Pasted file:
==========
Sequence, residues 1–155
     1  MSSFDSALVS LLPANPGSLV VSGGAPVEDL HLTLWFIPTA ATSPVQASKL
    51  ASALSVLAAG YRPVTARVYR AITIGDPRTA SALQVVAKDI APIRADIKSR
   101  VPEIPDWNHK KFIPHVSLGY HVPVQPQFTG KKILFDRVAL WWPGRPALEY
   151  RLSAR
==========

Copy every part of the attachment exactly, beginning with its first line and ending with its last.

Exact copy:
Sequence, residues 1–155
     1  MSSFDSALVS LLPANPGSLV VSGGAPVEDL HLTLWFIPTA ATSPVQASKL
    51  ASALSVLAAG YRPVTARVYR AITIGDPRTA SALQVVAKDI APIRADIKSR
   101  VPEIPDWNHK KFIPHVSLGY HVPVQPQFTG KKILFDRVAL WWPGRPALEY
   151  RLSAR